Abstract Body

People living with HIV (PLWH) on antiretroviral therapy (ART) remain at increased risks of inflammatory comorbidities. Metformin, an anti-diabetic drug with anti-aging effect, was shown to decrease inflammation by improving glucose metabolism and changing gut microbiota composition in diabetic people. Herein, we report results from the LILAC (CIHR/CTN PT027) clinical trial evaluating the effect of 12 weeks of metformin on blood/gut inflammation and gut microbial composition in PLWH on ART.

A total of 22 non-diabetic (HbA1c <6%) PLWH, on ART with viral load <50 copies/ml for more than 3 years and CD4/CD8 ratio ≤0.7, received 12 weeks of metformin 850 mg bid. Blood and stools were collected at baseline (V1), after 12 weeks of metformin (V2), and 12 weeks after metformin discontinuation (V3). Soluble CD14 was measured in plasma. DNA was extracted from stools and 16S rRNA sequenced. Bacterial microbiota composition variations were analyzed using LefSe. Serum short chain fatty acids (SCFA) were measured by LC-MS. The beneficial Akkermansia muciniphila, enriched in stools of diabetic people initiating metformin, was quantified by qPCR.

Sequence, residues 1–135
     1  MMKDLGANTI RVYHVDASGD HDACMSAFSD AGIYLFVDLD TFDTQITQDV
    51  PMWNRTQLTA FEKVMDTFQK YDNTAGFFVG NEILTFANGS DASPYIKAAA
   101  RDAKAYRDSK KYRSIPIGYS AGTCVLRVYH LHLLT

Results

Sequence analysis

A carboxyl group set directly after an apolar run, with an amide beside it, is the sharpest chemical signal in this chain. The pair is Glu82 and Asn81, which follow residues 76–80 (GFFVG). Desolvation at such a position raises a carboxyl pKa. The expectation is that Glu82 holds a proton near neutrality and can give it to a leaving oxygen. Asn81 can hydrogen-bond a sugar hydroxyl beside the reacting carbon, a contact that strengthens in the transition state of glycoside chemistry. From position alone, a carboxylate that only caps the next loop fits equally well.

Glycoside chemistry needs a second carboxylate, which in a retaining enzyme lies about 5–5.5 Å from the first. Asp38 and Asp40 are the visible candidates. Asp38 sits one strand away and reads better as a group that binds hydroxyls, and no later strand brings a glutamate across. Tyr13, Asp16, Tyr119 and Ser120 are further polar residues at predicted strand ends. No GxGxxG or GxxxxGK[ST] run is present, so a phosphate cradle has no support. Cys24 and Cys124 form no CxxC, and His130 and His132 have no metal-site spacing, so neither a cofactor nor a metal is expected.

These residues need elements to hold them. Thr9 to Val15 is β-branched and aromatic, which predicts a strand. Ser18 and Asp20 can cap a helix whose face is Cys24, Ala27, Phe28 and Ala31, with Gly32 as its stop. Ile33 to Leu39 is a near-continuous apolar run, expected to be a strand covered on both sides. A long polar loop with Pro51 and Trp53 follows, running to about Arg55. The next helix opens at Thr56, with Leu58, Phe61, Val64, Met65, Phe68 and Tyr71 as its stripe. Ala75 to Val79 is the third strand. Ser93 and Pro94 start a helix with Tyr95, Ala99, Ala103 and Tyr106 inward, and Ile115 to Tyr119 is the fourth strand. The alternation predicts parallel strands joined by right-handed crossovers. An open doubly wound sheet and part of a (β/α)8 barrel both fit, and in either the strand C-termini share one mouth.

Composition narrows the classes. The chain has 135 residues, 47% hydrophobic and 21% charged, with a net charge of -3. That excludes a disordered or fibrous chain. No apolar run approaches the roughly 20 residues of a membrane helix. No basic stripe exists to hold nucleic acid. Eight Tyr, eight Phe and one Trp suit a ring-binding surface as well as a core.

CD4 T-cell count, CD4/CD8 and HbA1c levels did not vary between visits, however plasma sCD14 levels decreased at V2 and V3 compared to V1. Bacterial alpha diversity tended to increase at V2 and V3. However, we observed a significant increase of Escherichia/Shigella and Lachnoclostridium and a decrease of Collinsella abundance at V2 compared to V1. The abundance of Lachnospiraceae, which are specialized in butyrate production, was increased at V3 compared to V1. Accordingly, we found increased serum butyrate/isobutyrate levels at V2 and V3 compared to V1. No differences were observed for other SCFA propionate, succinate and methylmalonate. A. muciniphila abundance remained stable between visits.

A 12-week metformin therapy in non-diabetic PLWH on ART decreased plasma levels of the inflammation marker sCD14 in association with an enrichment of butyrate-producing bacteria in stools and increased serum butyrate levels. To confirm our study findings, a longer metformin treatment should be conducted in non-diabetic PLWH.